When I saw the photograph by Sergey Melnitchenko on the tiny screen of my phone, my reaction was physical: pressure behind my sternum, a quick intake of breath. Are they safe? I wondered. It was a photograph of three men, presumably Ukrainian. War changes the way we see images of young men. The young men in the photograph are nude except for sneakers. Their backs to the camera, they jog in a snow-covered landscape, the ground white, the sky almost white, and only a bluish treeline in the far distance demarcating the division between ground and sky. Certain details give the image a playful quality–the sneakers, the fact that the young men are jogging and not running; there is no alarm, no sign of conflict between the men or beyond them. The photograph is part of a series titled Young and Free.
A year ago, just after Russia invaded Ukraine, I met Ukrainian photographer Artem Humilevskiy on Zoom. He was in his car in a field, having fled the city with his family. Humilevskiy was a student of Melnitchenko and the two men, contemporaries, became dear friends. Following the Russian invasion, President Volodymyr Zelenskyy declared martial law, which meant that that all able-bodied men between the ages of 18 and 60 were not allowed to leave Ukraine.
War changes the way we view images of young men. Young men (usually ordered by old men) carry out the tragedies of war and are the victims of it, the so-called cannon fodder. Both President Zelenskyy and the first lady have repeatedly acknowledged the contributions of women in the effort to defend Ukraine. Still, young men comprise the majority of military casualties, and martial law only mandates that men remain in the country.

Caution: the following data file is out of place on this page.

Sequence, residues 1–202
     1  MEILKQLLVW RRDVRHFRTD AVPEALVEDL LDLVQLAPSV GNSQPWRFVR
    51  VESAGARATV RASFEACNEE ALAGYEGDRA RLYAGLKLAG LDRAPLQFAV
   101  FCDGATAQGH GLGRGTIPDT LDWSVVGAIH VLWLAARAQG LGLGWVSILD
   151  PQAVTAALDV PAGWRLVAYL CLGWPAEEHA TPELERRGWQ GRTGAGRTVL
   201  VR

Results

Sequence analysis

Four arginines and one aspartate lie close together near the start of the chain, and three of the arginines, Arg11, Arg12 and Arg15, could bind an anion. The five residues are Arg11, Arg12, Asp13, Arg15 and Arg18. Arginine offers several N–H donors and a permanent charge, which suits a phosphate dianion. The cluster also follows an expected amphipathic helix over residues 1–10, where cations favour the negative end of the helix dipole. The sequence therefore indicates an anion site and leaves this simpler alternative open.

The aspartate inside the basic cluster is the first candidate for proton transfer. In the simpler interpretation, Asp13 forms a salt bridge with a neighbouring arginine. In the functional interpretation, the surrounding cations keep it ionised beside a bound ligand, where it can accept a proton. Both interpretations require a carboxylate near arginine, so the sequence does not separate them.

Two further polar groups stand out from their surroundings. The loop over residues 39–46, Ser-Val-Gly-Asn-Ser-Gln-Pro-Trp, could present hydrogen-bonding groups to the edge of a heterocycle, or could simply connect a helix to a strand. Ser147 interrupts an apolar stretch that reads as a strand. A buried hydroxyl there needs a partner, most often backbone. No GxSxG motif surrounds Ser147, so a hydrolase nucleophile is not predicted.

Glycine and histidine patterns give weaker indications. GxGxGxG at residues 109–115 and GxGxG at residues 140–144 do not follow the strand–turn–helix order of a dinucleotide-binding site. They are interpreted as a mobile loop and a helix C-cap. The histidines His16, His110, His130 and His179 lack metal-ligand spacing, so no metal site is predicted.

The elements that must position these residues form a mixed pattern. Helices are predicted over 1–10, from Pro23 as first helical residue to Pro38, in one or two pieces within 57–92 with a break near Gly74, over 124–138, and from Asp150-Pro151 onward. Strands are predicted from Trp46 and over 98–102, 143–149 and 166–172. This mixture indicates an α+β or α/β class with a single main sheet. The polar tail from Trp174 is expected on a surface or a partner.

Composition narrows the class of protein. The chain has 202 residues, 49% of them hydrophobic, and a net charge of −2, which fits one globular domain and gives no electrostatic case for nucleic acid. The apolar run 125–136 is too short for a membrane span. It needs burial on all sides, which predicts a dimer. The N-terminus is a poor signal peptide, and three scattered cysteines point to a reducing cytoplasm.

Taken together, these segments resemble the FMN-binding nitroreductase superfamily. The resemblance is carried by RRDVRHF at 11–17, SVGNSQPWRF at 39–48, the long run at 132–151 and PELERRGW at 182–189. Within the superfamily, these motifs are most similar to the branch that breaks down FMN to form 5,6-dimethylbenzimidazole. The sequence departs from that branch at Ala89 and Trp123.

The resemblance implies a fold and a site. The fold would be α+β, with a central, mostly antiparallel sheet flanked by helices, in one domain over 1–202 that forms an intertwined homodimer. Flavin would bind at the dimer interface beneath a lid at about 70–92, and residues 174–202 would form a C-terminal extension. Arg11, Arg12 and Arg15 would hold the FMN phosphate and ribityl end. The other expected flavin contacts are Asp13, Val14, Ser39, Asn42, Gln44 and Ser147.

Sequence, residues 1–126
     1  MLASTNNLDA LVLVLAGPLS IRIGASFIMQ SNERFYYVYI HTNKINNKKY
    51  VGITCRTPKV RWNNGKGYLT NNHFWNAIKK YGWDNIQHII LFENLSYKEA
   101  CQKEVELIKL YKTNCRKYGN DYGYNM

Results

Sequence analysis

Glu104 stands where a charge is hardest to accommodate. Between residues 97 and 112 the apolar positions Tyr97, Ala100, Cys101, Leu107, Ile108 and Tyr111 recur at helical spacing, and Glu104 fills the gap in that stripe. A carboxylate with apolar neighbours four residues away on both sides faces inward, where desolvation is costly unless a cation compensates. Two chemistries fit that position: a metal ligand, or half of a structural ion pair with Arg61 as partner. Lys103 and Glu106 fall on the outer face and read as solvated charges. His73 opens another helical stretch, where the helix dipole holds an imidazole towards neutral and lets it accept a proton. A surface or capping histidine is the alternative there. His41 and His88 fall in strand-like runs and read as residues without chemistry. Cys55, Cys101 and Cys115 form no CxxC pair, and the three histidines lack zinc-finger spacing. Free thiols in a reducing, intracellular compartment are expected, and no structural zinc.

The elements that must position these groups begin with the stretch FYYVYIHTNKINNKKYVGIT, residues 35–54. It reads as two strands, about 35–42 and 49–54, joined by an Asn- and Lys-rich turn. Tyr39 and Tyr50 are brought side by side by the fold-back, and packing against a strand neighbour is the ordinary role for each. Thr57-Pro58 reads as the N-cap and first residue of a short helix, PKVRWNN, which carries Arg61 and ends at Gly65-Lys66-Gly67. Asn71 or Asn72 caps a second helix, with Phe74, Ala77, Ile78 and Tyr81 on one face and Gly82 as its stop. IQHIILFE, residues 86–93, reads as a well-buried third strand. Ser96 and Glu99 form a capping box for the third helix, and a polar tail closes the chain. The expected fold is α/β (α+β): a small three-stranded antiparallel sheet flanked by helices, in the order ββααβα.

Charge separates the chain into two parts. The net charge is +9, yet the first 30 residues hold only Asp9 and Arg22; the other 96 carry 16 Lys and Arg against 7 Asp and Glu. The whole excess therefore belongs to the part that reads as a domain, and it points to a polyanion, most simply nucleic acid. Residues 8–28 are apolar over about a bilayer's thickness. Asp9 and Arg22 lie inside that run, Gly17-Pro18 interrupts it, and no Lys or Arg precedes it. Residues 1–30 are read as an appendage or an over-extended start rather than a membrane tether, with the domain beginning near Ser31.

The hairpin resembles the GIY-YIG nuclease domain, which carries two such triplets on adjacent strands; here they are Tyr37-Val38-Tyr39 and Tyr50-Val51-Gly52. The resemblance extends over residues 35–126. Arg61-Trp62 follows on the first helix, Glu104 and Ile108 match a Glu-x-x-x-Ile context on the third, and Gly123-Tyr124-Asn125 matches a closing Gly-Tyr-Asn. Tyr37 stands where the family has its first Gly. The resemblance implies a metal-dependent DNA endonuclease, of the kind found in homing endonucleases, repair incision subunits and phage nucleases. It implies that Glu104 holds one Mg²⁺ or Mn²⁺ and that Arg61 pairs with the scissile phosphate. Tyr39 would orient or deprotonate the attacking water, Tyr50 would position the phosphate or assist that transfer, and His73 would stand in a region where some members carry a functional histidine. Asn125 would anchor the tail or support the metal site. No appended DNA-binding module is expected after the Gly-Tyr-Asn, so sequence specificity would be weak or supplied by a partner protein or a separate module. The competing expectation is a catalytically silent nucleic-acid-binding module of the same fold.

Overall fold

Sergey Melnitchenko’s series Young and Free was made before the Russian invasion of Ukraine. Context, in this case war, shifts the impact and meaning of an image or artwork. Melnitchenko typically shoots his subjects nude. This strategy can free a body of its cultural specificity and the distraction of clothing styles. The nude body can evoke eroticism or innocence. The tone of this work is innocence and levity. The young men in these photographs play with an attitude of freedom, apparently without shame. In the context of war, the unclothed bodies of young men seem vulnerable, beautiful and tragic. Ukraine has been engaged in a defensive war for almost a year now. I look at these photographs and I worry about these men. As a mother of sons and as a human on Earth, they hurt to look at. Context bleeds into art, and art bleeds back.